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Tidewater blues

The end of a Virginia river and its people, in stories by Pittsboro's Belle Boggs


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It's not until late in Belle Boggs' debut short story collection, Mattaponi Queen, that we learn an interesting fact about the source of the river, about three hours' drive north from the Triangle, that gives the book its title: "The Mat joined the Ta in Spotsylvania to become the Matta, the Po and the Ni connected in Caroline to become the Poni. In Caroline County near Bowling Green they became the Mattaponi," which before emptying into the York, not far from the famous Jamestown settlement, runs through some of colonial America's most historic territory: Tidewater, Virginia, home of Powhatan and Pocahontas.

Belle Boggs recently moved to Pittsboro, but she grew up in the Tidewater region, and most of the stories in Mattaponi Queen, winner of the 2009 Bakeless Prize for fiction, are set there. Like the river, the collection gathers tributaries and gets them to flow together. Along with the landscape, certain characters and objects (like the boat of the title) become familiar as they crop up in multiple stories, and although the book doesn't read like a novel—these are stand-alone stories—Boggs' clear goal is to give a holistic sense of a community that is both provincial and varied, weird yet unchanging, inbred but dissipated. "Ancient history: that's what a lot of this town is," one of her characters muses. "Houses, rented or owned, passed down from father to son and mother to daughter. Silverware older than the people eating with it." (That heirloom silverware gets stolen, but its new home is nearby, as if it's sucked back in by the ancestral Tidewater mud.)

There is an Indian reservation by the Mattaponi River, and so three races—white, black and native—are well represented in the area and in Mattaponi Queen. One of Boggs' best-drawn characters is an Indian named Skinny, who is the protagonist of "It Won't Be Long" and plays an important role in the book's longest story, "Homecoming." An aging (indeed, dying) alcoholic auto mechanic, Skinny is a disjointed figure: Although he lives on the reservation, he isn't well connected to his Indian roots, his wife has long since left him and he rarely sees his grown children. He likes to watch cooking shows on television and is a self-taught home gourmand. Generous and shaggy (and not at all skinny), he's a guy you come to feel sympathetic toward as you get to know him better.

Skinny is a good example of the sort of character Boggs likes to work with. Even though many of the people in Mattaponi Queen are natives of the area, most of them are people living estranged or displaced lives, uneasy with themselves and with their too-familiar surroundings. "Everything in this town ... used to be something more interesting than what it is as now," thinks Loretta, a long-suffering private nurse and driver for a rich old white lady. She longs to buy the titular Mattaponi Queen, an old boat, even though she doesn't know where she'll sail away to.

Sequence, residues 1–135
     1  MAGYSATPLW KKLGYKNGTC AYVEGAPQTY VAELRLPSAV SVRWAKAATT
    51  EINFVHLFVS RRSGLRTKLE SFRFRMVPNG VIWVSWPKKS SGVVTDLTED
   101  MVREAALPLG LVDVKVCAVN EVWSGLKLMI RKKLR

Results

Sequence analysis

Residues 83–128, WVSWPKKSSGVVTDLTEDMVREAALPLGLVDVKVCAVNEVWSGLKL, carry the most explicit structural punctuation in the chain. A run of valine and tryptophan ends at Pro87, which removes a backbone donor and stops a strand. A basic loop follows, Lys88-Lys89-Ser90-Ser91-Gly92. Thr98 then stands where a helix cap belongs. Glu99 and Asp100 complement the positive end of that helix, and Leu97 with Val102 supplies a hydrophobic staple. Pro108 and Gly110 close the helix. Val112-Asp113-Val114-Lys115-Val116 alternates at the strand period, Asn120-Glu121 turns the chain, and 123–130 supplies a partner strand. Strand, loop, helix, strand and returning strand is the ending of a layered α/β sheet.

It is not really a surprise that a book so narrowly focused on a singular place would abound with characters living so disaffectedly in it; many are teenagers and young adults forced into situations where they have to be more responsible than the adults around them. (The classic linchpin of this arrangement is alcoholism, which shadows the book.) Lots of writers are misfits from childhood and often feel more connected to the land and architecture than the people of their hometowns. As Boggs points out in an author's note, the book's last words are "Good riddance," just after a termagant old woman dies.

Yet despite the old Southern setting and its potential for Faulknerian Gothic, Boggs' stories tread lightly, her prose voice delicate and sensitive—occasionally to a fault—and they usually take time to note the topography, the seasonal flux, the smells and sounds.

The careful observance and description of local detail (visually reproduced by the book's cover, a collage of flora and oyster shells and rusty old things) is quite loving, as is Boggs' attitude toward her characters, who, like the land around them, are given a generous back story. The stories move unhurriedly, collecting elements of plot, history and description as they go and then seeing where they'll all lead. Some of Mattaponi Queen feels more like sketches than full-fledged stories, and there are plenty of opportunities to tune out while reading the book, but Boggs' storytelling habits seem not so much the result of purposelessness as a need to gather and preserve images and memories, even if it means sometimes overfilling her narratives.

Boggs can, perhaps, be forgiven for that tendency. Near the same moment when we learn the source of the Mattaponi's name, we also find out that "[n]ow they wanted to dam it up, to make a reservoir feeding the new white plastic developments in Newport News and Hampton Roads." That death blow, she writes, "approach[es] like a snakehead." Boggs may bid good riddance to the Mattaponi, but her book rescues some of its riparian life before progress drowns it.


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